Wednesday, August 5, 2009

That Lovingly-Negative Baker Piece

Nicholson Baker's piece last week, which I read on my Kindle version of The New Yorker, was one of many that are either positive or negative or lukewarm but which don't touch on the Kindle's many features.

In this case, Baker reports on his dismal encounter with a drab, slow, and apparently huge device known as the Kindle 2.  This is followed by having to use the even larger Kindle DX.
  He's most dismayed by the gray screen while not minding the Sony Reader's gray screen and complains about the "grim and Calvinist" font, which is the same one used for The New Yorker, which brings us, via that dour font, Nicholson Baker's story.
  Some impressions I had while reading:

1. It seemed to me, in the long opening, that Baker was extremely annoyed at the ubiquitous Kindle ads that Amazon places on their own site and the excitement the Kindle has caused (with the result that many competing e-book readers are being released) and that this feeling somewhat influenced his review which he calls more correctly an 'essay.' In his Q&A later, he responded,
" Amazon is pushing it too hard, and the press got all excited and thought it was a millennial development. "
Well, I guess he's taking care of that.

Of no small import, probably, with respect to his intense response to the Kindle, is the subtitle of his article, "Can the Kindle really improve on the book?"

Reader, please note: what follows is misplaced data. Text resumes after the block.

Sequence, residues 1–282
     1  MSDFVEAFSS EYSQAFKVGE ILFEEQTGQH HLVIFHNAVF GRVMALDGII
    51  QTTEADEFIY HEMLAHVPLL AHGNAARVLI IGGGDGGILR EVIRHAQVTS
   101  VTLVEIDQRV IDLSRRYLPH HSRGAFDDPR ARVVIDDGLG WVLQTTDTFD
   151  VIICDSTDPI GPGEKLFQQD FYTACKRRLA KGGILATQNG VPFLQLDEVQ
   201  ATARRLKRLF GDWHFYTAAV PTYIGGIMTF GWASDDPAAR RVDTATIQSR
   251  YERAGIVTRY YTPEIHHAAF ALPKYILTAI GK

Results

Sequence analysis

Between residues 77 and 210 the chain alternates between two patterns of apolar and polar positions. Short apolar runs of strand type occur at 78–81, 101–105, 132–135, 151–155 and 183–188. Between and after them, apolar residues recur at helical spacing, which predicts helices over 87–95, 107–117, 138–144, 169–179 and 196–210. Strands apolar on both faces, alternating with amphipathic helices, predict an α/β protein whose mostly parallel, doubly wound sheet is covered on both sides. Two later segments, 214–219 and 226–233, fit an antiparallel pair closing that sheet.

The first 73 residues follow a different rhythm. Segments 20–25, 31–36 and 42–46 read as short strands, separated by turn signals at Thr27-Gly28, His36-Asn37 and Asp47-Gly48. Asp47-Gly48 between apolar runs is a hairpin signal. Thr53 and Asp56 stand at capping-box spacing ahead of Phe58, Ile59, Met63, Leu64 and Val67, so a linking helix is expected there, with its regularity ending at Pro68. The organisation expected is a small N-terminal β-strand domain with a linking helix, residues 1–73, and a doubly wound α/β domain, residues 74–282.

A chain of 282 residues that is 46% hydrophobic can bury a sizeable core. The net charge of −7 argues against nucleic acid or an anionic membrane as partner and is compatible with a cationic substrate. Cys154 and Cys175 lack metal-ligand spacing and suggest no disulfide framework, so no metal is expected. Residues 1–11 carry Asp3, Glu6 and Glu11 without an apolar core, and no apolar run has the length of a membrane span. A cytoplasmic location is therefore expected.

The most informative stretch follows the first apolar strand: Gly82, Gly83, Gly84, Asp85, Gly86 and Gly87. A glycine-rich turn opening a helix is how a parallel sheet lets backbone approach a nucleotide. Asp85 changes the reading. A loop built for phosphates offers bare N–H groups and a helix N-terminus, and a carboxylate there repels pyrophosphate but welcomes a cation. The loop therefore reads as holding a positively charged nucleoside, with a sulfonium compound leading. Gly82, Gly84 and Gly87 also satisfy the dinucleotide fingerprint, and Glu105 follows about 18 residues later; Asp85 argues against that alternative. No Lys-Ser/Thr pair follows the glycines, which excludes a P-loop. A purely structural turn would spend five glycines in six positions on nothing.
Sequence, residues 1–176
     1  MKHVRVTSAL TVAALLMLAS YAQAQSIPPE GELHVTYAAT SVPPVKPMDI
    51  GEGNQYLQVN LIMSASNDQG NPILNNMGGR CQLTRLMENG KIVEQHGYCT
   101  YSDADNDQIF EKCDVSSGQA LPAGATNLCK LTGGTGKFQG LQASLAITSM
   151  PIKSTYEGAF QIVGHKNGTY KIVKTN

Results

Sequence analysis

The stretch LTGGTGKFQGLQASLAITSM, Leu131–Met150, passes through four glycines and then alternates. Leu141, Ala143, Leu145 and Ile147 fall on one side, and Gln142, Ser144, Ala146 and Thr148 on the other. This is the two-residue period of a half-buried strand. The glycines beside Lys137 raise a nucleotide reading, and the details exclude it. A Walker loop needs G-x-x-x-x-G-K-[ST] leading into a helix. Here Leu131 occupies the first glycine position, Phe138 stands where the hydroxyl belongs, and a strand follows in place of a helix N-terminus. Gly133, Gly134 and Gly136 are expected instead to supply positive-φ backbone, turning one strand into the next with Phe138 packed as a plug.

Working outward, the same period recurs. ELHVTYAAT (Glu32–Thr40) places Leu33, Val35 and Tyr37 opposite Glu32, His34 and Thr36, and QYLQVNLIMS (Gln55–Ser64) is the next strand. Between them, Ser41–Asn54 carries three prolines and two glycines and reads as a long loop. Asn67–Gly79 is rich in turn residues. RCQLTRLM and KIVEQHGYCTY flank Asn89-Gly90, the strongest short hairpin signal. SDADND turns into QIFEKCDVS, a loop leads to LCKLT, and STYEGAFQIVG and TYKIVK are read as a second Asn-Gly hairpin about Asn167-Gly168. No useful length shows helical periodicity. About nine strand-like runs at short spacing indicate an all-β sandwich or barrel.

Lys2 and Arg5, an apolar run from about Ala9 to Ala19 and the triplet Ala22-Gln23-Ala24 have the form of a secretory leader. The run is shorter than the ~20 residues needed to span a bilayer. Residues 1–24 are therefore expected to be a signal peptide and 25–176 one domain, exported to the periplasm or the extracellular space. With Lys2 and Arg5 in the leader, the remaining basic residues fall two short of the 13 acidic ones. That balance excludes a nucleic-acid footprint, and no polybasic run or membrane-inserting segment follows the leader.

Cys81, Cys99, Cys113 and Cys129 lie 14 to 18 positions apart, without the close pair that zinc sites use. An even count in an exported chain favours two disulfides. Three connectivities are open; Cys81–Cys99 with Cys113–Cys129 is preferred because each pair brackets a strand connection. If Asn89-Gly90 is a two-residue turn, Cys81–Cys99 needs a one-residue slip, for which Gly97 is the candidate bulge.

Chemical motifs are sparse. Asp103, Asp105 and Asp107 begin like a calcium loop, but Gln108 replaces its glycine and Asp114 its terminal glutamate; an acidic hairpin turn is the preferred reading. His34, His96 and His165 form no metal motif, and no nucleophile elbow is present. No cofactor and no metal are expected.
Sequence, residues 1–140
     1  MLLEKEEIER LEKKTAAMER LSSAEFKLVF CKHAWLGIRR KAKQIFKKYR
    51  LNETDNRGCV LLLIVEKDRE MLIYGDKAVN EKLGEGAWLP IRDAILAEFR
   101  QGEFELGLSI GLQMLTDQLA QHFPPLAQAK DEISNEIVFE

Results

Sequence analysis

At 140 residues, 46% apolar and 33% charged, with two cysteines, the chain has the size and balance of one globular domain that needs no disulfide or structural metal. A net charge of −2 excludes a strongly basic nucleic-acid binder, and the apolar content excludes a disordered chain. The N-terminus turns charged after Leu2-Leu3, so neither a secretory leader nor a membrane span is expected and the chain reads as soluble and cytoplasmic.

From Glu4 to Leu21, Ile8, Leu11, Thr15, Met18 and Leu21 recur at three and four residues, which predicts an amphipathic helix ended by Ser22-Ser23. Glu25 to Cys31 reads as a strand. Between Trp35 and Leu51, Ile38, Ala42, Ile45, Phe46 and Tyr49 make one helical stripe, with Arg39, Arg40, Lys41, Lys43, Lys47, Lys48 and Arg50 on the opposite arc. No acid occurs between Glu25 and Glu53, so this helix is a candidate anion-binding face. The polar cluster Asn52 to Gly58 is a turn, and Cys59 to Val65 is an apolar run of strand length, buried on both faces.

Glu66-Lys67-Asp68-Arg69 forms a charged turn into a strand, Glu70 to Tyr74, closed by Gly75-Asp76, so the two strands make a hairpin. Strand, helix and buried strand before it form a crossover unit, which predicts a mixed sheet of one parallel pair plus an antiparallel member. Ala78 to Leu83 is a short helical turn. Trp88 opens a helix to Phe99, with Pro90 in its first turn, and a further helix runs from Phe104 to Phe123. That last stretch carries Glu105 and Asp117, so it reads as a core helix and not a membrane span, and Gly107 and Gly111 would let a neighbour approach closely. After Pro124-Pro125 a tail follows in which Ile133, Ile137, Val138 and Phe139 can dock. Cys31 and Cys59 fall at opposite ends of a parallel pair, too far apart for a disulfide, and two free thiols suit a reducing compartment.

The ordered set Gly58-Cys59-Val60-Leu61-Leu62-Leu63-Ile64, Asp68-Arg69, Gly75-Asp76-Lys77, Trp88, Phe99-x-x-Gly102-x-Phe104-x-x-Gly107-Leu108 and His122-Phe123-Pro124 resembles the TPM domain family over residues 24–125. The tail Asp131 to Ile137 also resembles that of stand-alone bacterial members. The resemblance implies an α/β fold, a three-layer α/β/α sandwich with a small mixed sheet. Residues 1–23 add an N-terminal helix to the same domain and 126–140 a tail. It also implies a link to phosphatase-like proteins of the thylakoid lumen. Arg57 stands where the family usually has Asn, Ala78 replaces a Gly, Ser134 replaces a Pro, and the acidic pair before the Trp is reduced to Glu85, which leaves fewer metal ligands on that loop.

This refers to his memory of Bezos once telling Newseek that "It’s so ambitious to take something as highly evolved as the book and improve on it.”

Fighting words! Bezos couldn't possibly have meant that an always active inline dictionary and searches possible for any word in a book or books might be considered an improvement by some. Baker refers to this in that Q&A:
"QUESTION FROM ANDREW M.: Mr. Baker, do you think e-book readers in general are problematic, or just the Kindle?

[Note that he doesn't answer the actual question.]

NICHOLSON BAKER: First, if you love the Kindle and it works for you, it isn’t problematic, and you should ignore all my criticisms and read the way you want to read.

I’m suspicious of full-replacement programs—that is, pronouncements that one way of doing something will entirely supplant another,

[ Was that said in the Bezos quote Baker gave above? ]

and that in fact we have to hurry the replacement along. It’s better if you let things evolve, and see what is in fact an improvement and what isn’t. "
2. Then, in a seeming attempt to not just slow the Kindle's movement but to imagine a complete stop -- he cleverly equates the Kindle with several spectacular product failures.
"True, the name of the product wasn't so great. Kindle? It was cute and sinister at the same time -- worse than Edsel, or Probe, or Microsoft's Bob."